Matteo Guendouzi looks set for the Arsenal exit door in a deal that will see Marseille take him on a season-long loan before committing to buy him next year.
On the face of it, it’s an ignominious end for a talented youngster who might have made himself into a permanent first-team fixture in the red half of north London.
However, in reality, it’s probably a good deal for all parties and a chance for everyone to move on with a fresh slate. A break-even deal for the club, a chance to rebuild for the player.
I think it’s true to say that Matteo’s vigour and exuberance were qualities that propelled him to where he is and we shouldn’t for a moment underestimate how talented you have to be to make it to the first team of a Premier League football club, and even more so as a 19-year-old.
The Frenchman was combative, bombastic, and seldom shied away from doing the hard yards on the pitch. Brought into the team by Unai Emery, Matteo fit the mould of the modern Premier League footballer; technically sound with a big engine. He made more than 40 appearances in his first season at the club and added another 20 in his second before things went rapidly south.
And while it is true that Matteo’s exuberance has made him a success, it could also prove his downfall and, indeed, very much did so at Arsenal.
Even setting aside the incident(s) which saw his relationship sour with Mikel Arteta, the 22-year-old’s disciplinary record on the pitch is perhaps demonstrative of someone who struggles to keep his impulsiveness in check. According to WhoScored, he collected 17 yellow cards across two seasons at Arsenal and a further five in his loan season at Hertha Berlin last year.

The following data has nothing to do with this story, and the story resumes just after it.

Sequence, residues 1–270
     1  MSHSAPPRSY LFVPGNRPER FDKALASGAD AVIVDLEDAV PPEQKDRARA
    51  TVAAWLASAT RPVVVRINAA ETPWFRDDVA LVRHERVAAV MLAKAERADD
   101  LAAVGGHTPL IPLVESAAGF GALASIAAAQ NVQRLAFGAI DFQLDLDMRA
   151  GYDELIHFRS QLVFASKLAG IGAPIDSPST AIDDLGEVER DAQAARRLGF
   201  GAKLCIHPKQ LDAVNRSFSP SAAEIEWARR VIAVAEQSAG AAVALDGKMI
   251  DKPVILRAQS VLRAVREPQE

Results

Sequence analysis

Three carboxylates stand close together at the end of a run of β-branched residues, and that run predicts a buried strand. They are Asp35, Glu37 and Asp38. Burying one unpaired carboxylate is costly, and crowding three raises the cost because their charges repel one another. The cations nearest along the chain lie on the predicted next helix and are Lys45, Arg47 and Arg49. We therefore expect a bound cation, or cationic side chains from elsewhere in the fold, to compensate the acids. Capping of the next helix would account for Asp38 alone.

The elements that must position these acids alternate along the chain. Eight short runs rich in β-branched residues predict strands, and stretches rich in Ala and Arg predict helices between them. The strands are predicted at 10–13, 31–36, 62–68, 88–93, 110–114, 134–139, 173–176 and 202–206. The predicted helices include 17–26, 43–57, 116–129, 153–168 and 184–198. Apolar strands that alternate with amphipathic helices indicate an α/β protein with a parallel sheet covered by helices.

And then, of course, there are the incident(s) which scuppered his future at the club. These were not simple misfortunes or coincidences, these were incidents that were entirely self-inflicted, whether it was grabbing an opponent by the throat, goading opponents over wages, acting up behind the scenes, or refusing to apologise for anything to anyone.
While it seems that Emery was content to manage the Frenchman in a different way, tolerating his excesses, Arteta resolved to have none of it. The Spaniard drew a line, Matteo crossed it and refused to go back. Fair enough.
If you are going to take on a manager, you had better be damn sure you are indispensable to the club, entirely beyond reproach, and have the overwhelming backing of the fanbase. Matteo had none of these and made the decision to exile him simple for the manager.
His actions since then suggest nothing has been learned and no wounds have healed. The relationship is irrecoverable and, in the short-term at least, Matteo has no intention of changing who he is. As I said previously, that character has brought him a long way in football so, to an extent, I get it. Why change a winning formula?
From an Arsenal perspective, it will forever be a story of ‘what might have been’ but that can and does happen with lots of players who pass through the Emirates. For now, we can say at least that the problems of dealing with Matteo will no longer be ours to offset or mitigate and the manage can focus on building around the players he sees as being on board with the project.
A disappointing end but a necessary one. Au revoir, Matteo, bonne chance!